Nice stuff. 

Downside factors in Indian growth story

June 27, 2007

We have been witnessing a lot of literature, media releases, and blogging on Indian economy. They are generally divided into 2 camps- optimistic/hopeful and pessimistic/cautious.

I just came across this paper that falls into pessimistic/cautious category. It is by Shankar Acharya (SA) and is a highly referred paper so one needs to look into it. It is written in 2004 but is still pretty relevant.He lists all the factors that have been cited by the first camp and criticizes them one by one:

1.  Demographic Dividend (Labour): Most analysis just look at broad India numbers and suggest that India would gain from the huge working population and falling dependency ratio.But Acharya does a state-wise analysis and finds states that have the highest fertility rate are laggards (Bimaru States – Bihar, MP, Rajasthan and UP)  and those with lowest fertility are leaders. So is the demographic dividend happening?And when one looks at fertility rates and per capita incomes the disparity grows further as population has grown higher in Bimaru states.

2.  Demographic Dividend (Capital): The conventional thinking is, as people in working age (15-64) group grow so would the savings and the investment or capital in the country. This would mean more capital would be deployed leading to higher GDP growth.The hypothesis is that as the demographic trend cited has begun almost 15 years ago, we should be seeing some effects by now. But Gross Domestic Savings has increased by just 20.4% ( average of 1985-90) to 24.2% in 2002-03  largely because of negative savings of Public Sector.

Before I go on, this point needs to be revisited and revised by  Acharya. As per latest CSO estimates, India’s savings and investment rate has improved quite a bit. The average gross savings and investment rate as a % of GDP (at market prices, as he also takes the same) between 2003-06 is 31% for each.  (And if you look at the respective data as a % of GDP at Factor Cost then it is 34% for each. He criticises a Rodrik paper which says India’s savings rate could increase  to 39%. Well if you look at estimates based on Factor cost, we are getting nearer to the Rodrik guesstimate.)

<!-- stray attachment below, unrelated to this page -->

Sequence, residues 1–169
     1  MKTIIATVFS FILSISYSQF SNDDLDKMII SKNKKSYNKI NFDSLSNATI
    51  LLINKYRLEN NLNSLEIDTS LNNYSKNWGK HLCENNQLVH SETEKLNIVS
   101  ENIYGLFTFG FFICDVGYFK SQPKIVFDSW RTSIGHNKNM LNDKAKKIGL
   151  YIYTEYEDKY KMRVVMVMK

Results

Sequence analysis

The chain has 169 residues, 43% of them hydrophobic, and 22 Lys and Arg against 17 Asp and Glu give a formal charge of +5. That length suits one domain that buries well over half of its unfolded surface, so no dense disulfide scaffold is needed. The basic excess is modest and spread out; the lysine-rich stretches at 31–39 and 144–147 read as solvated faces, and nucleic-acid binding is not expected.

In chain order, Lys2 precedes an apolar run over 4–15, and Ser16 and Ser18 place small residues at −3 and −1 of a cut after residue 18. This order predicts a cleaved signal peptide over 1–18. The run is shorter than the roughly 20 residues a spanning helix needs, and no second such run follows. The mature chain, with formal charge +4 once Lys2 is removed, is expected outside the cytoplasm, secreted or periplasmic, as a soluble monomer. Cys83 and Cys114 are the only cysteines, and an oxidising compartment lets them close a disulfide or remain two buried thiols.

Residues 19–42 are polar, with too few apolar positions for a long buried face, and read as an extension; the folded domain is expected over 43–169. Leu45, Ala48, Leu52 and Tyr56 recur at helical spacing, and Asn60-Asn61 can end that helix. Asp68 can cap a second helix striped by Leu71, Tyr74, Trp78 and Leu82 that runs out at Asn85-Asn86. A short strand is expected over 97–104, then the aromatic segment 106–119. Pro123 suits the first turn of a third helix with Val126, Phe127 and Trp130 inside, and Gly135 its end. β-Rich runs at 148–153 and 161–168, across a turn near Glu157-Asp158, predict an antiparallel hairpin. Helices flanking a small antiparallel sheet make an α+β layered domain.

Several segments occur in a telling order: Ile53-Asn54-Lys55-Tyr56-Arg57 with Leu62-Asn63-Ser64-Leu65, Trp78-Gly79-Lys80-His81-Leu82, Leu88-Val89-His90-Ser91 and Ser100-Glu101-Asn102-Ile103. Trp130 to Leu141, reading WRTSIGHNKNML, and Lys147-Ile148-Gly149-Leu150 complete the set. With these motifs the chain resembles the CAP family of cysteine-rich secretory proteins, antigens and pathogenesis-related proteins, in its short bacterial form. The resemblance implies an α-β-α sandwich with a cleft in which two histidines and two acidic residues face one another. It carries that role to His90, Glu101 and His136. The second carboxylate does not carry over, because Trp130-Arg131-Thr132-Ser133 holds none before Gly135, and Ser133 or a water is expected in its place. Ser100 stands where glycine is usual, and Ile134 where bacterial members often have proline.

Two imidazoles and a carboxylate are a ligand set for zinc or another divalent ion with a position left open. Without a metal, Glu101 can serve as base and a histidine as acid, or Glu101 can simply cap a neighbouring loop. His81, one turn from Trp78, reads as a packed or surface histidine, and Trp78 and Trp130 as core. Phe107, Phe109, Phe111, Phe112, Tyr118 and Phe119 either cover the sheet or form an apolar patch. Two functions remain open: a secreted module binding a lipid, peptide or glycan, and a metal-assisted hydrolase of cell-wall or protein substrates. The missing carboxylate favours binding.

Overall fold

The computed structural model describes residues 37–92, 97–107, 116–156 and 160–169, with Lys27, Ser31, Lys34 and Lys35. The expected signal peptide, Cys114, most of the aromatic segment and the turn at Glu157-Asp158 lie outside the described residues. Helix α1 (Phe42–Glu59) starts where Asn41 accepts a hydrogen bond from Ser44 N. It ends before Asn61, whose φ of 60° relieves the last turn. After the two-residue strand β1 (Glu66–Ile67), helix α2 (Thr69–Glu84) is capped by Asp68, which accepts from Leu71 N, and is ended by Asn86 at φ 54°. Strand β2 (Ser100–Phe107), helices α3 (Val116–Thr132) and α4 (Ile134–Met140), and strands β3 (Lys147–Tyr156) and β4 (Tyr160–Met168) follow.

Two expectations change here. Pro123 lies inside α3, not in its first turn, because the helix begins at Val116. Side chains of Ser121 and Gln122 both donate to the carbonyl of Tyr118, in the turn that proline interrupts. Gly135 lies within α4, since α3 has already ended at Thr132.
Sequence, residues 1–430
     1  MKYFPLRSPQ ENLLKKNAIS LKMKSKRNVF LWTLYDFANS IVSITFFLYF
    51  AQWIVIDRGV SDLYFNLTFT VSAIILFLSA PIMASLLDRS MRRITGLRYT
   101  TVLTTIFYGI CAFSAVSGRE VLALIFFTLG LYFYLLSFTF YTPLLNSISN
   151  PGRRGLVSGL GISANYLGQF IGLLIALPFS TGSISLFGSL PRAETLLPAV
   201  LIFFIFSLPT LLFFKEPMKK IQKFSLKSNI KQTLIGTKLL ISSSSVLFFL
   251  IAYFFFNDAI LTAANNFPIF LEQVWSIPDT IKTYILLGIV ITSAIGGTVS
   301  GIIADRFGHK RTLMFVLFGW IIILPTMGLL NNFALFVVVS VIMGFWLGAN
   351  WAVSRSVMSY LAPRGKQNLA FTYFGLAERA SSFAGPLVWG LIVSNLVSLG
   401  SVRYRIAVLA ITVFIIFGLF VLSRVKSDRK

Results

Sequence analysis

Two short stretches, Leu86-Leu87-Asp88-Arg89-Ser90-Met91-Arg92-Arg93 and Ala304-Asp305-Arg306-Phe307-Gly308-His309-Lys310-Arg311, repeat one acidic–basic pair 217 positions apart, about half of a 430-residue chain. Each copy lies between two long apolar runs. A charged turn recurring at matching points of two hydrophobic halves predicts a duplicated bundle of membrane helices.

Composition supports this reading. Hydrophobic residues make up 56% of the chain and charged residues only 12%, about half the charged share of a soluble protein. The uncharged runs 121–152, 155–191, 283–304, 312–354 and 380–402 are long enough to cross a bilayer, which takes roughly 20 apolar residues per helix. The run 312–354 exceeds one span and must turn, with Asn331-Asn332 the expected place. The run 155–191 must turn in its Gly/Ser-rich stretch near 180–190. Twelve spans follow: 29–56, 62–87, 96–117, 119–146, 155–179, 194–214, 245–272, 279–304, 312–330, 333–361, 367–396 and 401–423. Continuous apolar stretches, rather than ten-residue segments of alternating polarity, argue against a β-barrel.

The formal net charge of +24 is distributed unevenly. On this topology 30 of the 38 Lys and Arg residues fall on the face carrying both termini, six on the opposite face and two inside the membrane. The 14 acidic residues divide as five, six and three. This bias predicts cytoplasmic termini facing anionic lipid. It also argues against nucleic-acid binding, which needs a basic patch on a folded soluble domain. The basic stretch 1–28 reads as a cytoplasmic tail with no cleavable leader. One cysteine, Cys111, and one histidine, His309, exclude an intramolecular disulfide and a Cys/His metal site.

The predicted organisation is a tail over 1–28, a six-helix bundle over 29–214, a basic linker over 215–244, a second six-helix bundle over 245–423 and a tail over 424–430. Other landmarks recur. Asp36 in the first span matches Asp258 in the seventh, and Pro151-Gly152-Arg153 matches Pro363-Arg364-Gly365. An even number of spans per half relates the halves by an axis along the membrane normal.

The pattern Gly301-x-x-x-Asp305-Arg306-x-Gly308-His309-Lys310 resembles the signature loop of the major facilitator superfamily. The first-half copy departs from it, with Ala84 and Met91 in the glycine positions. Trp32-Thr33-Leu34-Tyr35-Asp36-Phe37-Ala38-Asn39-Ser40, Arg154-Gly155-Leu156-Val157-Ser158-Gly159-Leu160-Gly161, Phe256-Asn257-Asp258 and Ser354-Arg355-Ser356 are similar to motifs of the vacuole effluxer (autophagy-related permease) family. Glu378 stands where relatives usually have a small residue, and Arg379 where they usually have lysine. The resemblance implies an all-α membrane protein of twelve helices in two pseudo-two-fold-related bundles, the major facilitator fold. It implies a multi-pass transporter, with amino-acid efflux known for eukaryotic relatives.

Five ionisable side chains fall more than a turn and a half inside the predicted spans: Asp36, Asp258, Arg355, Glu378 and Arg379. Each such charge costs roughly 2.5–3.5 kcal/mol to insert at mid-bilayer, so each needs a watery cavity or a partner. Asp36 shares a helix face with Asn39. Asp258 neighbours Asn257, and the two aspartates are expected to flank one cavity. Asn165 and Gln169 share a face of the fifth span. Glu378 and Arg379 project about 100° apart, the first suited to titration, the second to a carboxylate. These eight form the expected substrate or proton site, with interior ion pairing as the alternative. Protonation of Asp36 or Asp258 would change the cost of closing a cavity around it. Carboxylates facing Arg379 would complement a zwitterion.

3. Productivity Growth: SA rightly says that to calculate productivity growth via a metric called Total Factor Productivity Growth is difficult because if output growth is high, TFPG would be high and vice-versa.

4. Others: SA then comments on the well-known problems-  falling standards of  institutions in India (particularly the Indian bureaucracy), the deplorable infrastructure, the slowing down of reform process, agriculture, fiscal stress and increasing inter-regional disparities.

In the whole paper he criticises two pieces, one a paper by Rodrik and Subramanian (RS) and a speech by Kelkar. I have already pointed out above one criticism needs to be re-looked.  

SA also criticises the Planning Commission for assuming 7% plus growth rates in Bimaru States during 10th plan where as they grew by only 4% during 9th plan (1997-02). On checking the growth rates for these states for 10th plan period,                   
                   Net State Domestic Product (2002-05)
Bihar –        9%
MP-             5 %
Rajasthan – 6% 
UP-             4.6%
So, we do witness high growth rates in Bimaru States. But these growth rates need to be taken with a pinch of salt, as the variation (measured by standard deviation) in growth is pretty high. All Bihar, MP and Raj have high variation of almost 15. Only UP has a low variation of just 0.85.  So, a bit of a mixed evidence really.

Overall, a good analysis and helps us know more factors we need to be cautious about while analysing India’s growth story. But then he needs to revisit some facts and revise the paper.  

Assorted Links

June 27, 2007

1. Dani Rodrik divides the development thought process into two schools.

2. Jeff Sachs advises Zoellick on how to fix the World Bank. Thanks to Rodrik for the pointer.

3. Econbrowser has a nice post on Inflation and globalisation.